Each room was unique—in the obvious way, in that they were all different to one another, different sizes, shapes and layouts. But also in that each one had a different bird mural painted on one of the walls. This might not be ideal for an ornithophobe, but we thought it was pretty cute. (Far less unsettling than a certain Clown Motel) Also the rooms were pretty luxurious.
Another great thing about the town of El Fuerte was that most people spoke Spanish. Unlike on the Baja Peninsula, where it had been all-too-tempting to resort to ordering food and making accommodation arrangements in English. Here we were immediately finding ourselves pushing the limits of our Spanish-speaking abilities and we were improving in leaps and bounds.
(Our Spanish was and still is, terrible, just measurably less terrible than it was initially.)
Warm by day, El Fuerte cooled off quite dramatically on a few of the first nights we were there. We were glad to be tucked up our cozy hotel room. Even more so when we had sunset views like this from our balcony.
And sunrise views like this.
There was also a friendly cat handing around, which never fails to improve our opinion of where we are staying.
Aside from friendly cats, the town of El Fuerte has a few tourist attractions.
The Rio Fuerte flows right by the town and is apparently perfect for a spot of fishing or bird watching—although we did neither. We did however, enjoy the local ceviche and eyeball one or two interesting birds near the river. Also a cow.
There is the fort for which the town is named:
Not actually the original historical fort, but a modern reproduction.
The fort now contains a museum and we found it to be worth its modest 20 Peso entry fee for the two of us. Although some of the museum artifacts were of questionable historical interest to us. Specifically the VCR, which just made us feel really old.
There was also El Chepito, the little brother to the famous train—El Chepe which brings tourists to the Copper Canyon from Los Mochis, via El Fuerte to Creel.
El Chepito however, just drives around town tooting loudly. We were very close to going for a ride on El Chepito, when Ben managed to dodge the embarrassing “ride the small children’s train” bullet by distracting Emma with flan. This always works.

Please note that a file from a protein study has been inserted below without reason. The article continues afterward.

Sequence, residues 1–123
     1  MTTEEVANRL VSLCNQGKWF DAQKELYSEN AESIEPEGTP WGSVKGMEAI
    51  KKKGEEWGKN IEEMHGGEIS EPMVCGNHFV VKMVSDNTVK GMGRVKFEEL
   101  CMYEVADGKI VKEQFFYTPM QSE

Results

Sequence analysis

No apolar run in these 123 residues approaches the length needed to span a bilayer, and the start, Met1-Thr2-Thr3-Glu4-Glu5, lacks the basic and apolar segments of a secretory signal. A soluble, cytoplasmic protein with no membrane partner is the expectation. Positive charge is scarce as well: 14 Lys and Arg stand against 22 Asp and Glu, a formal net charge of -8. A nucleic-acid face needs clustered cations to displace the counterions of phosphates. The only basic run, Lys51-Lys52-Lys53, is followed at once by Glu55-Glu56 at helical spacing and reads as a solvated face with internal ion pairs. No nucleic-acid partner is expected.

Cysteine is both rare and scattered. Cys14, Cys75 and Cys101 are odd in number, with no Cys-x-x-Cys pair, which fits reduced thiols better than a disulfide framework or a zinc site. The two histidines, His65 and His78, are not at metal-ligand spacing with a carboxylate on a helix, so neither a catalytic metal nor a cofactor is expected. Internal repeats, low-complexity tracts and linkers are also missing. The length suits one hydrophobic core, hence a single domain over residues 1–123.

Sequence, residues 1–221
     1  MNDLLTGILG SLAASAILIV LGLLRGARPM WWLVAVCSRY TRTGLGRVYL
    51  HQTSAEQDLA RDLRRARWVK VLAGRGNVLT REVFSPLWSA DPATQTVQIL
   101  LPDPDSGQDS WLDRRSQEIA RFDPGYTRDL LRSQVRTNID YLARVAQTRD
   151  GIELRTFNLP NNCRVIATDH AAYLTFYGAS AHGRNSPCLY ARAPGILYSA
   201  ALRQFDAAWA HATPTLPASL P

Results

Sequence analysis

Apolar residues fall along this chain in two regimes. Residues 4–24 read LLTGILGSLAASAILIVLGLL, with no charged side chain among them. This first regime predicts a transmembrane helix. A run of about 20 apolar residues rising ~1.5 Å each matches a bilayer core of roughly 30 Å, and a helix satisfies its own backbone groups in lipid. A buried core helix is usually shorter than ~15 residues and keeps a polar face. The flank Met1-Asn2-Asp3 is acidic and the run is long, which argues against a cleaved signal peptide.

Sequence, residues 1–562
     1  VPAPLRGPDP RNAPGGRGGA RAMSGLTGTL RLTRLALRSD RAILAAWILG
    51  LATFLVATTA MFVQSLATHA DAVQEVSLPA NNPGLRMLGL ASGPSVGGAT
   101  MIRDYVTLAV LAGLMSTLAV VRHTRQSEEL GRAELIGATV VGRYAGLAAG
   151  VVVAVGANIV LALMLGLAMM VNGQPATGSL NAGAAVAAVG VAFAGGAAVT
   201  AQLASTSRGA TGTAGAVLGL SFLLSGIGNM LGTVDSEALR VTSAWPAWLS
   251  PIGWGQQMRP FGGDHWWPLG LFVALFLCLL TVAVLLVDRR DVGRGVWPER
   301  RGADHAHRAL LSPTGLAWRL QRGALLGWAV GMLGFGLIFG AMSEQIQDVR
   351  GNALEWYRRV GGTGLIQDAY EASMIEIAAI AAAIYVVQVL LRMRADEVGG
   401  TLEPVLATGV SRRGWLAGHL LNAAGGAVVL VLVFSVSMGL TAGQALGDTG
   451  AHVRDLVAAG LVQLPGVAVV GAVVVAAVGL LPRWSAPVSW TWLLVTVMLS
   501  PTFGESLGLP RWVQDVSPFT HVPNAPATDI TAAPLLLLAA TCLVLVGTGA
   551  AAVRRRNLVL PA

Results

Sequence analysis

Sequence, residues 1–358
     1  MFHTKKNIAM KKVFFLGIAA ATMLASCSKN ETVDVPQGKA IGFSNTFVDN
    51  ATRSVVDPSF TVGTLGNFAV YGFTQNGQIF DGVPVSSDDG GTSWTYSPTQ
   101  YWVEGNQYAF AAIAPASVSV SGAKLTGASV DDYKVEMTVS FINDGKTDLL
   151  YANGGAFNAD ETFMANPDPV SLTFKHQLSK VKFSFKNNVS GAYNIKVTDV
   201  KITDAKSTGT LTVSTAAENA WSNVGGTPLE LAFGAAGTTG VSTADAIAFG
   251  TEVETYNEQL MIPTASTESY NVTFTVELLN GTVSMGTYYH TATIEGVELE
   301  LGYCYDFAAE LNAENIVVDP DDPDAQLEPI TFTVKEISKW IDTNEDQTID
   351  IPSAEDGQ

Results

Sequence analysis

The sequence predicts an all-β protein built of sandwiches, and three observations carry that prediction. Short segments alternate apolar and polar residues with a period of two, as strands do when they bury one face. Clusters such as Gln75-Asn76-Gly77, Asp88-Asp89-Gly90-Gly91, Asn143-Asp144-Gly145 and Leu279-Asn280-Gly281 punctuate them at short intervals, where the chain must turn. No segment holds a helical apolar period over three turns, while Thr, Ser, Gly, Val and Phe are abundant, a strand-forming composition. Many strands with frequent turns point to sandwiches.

Just out of town are some stone petroglyphs carved into the rocks. The depict all sorts of different animals, people, concepts and possibly an alien or two.
Alejo was our guide for the day and he took us around to look at all the petroglyphs and pointed out plenty that we wouldn’t have spotted on our own. Including this clear depiction of ET.
Or a strange looking person… However, this was much closer than we got to encountering alien life forms than we did in all our time in Nevada, so we insist on telling everyone that we saw an alien carved into the rocks at El Fuerte.
But there were plenty of other non-alien based petroglyphs to see as well:
However, for us the real attractions of the town were the architecture and the people. The buildings were brightly coloured and interesting, the people were welcoming and friendly, from the hotel owners, to shop-keepers, street vendors to people just passing by in the street, everyone made you feel welcome and relaxed. El Fuerte was another place that we felt at ease and it didn’t take long to feel very much at home.
We had enjoyed such a relaxing time in El Fuerte, that we felt completely refreshed and ready to explore the Copper Canyon. What could go wrong with that plan? Well, aside from our embarrassingly near complete lack of useful maps…